UNRAVELING RAVEL’S SPANISH VEIN

UNRAVELING RAVEL’S SPANISH VEIN

And SFS Tackling de Falla, Lethargically

If you love classical music of Spain, you rush to the French composers. Enamored of the Iberian Peninsula, they gave us “Iberia,” “El Cid,” “Carmen,” “Bolero,” “Tzigane,” “Don Quichotte,” “España,” and myriad titles containing the word “espagnol.”

The quasi-Spanish vein however has never been a strong repertory point of the S.F. Symphony, which took another crack at it this week under Charles Dutoit but served up merely a watered-down gazpacho. Two alluring works which have enjoyed success in the past were included in the mix, to no avail.

One of the most atmospheric and romantic efforts was actually written by a Spaniard. Manuel de Falla’s languid “Nights in the Gardens of Spain” is a tone poem, with sensuous melodies wafting through from orchestra and solo piano (keyboardist Javier Parienes); if well done, you can almost smell the flowers in three different historic gardens. The version served up here June 4 stood somewhere between square and uptight, as if Dutoit & Co. were reluctant ever to go with the flow or realize the magic of de Falla. The veteran conductor got his big effects throughout the night, but struggled to bring delicacy and finesse into the program.

Equally disappointing was “L’heure espagnole” (The Spanish Hour, 1909 ) in concert version. The Ravel one-act chamber opera had enjoyed success locally before, staged by the S.F. Opera’s spring series more than 40 years ago.

It’s an enticing, salacious comedy about marital infidelity that was suppressed for several years because it was too racy even for Paris. The wife Concepcion juggles the presence of three lovers while her husband is out on an errand, hiding them sequentially in grandfather clocks to avoid confrontations, with her enlisting the beefy Muleteer to haul the clocks about the home, with lovers hidden inside.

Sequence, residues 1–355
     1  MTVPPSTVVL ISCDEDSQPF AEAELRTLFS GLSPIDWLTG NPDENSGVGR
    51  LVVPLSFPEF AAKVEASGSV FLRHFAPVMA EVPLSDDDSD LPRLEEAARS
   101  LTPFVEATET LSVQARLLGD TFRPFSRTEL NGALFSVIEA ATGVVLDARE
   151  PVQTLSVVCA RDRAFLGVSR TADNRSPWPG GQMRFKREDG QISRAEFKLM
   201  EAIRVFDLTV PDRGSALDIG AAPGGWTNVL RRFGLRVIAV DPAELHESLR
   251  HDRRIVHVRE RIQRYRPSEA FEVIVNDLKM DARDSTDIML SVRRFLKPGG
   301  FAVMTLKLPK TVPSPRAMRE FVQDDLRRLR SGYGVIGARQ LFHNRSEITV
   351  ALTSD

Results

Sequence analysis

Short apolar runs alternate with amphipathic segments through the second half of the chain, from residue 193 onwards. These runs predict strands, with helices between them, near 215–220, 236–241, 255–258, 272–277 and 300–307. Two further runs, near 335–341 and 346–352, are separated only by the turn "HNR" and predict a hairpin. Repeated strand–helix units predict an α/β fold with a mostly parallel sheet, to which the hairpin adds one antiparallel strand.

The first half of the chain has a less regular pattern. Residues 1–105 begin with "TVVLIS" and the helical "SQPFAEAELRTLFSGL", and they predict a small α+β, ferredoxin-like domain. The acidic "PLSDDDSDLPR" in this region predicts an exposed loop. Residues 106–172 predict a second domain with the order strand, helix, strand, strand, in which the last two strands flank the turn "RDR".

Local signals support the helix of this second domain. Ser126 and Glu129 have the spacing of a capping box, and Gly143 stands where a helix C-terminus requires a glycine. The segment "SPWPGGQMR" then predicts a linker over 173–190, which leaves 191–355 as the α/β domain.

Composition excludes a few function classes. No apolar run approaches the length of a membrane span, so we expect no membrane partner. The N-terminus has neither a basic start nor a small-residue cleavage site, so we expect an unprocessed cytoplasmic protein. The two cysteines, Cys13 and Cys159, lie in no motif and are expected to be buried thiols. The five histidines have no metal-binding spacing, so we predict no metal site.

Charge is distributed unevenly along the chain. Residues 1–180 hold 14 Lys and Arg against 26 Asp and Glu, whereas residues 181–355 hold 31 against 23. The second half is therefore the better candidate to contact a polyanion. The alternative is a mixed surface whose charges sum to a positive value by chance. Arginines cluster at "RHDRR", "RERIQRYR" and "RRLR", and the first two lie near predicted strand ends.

Despite the raw plot, Ravel’s musical touch is much more delicate than, say, the buffo of Donizetti or Rossini. But it was all drawn with a broad, lugubrious brush—-We got Rouault where we needed a light-brush Vermeer touch, to use a painterly analogy. Not even a mezzo star like Isabel Leonard, singing in good French, was able to illuminate this piece in a night when none of the five voices projected beyond the nearby rows. Supertitle translations fortunately were projected.

The concert opened with Ravel’s brief, splashy “Alborada del gracioso” (The Jester’s Aubade) with large orchestra and seven percussionists no less—a jarring wake-up call that, given the circumstances, should probably have come at the end, not the start. Up and at ’em—think toreros!

These San Francisco Symphony concerts continue through June 6 at 8 p.m. For info: (415) 864-6000, or go online. Broadcasts on KDFC-FM (90.3 and others) at 8 p.m. on the second Tuesday following.

©Paul Hertelendy 2015
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Paul Hertelendy has been covering the dance and modern-music scene in the San Francisco Bay Area with relish — and a certain amount of salsa — for years.
These critiques appearing weekly (or sometimes semi-weekly, but never weakly) will focus on dance and new musical creativity in performance, with forays into books (by authors of the region), theater and recordings by local artists as well.
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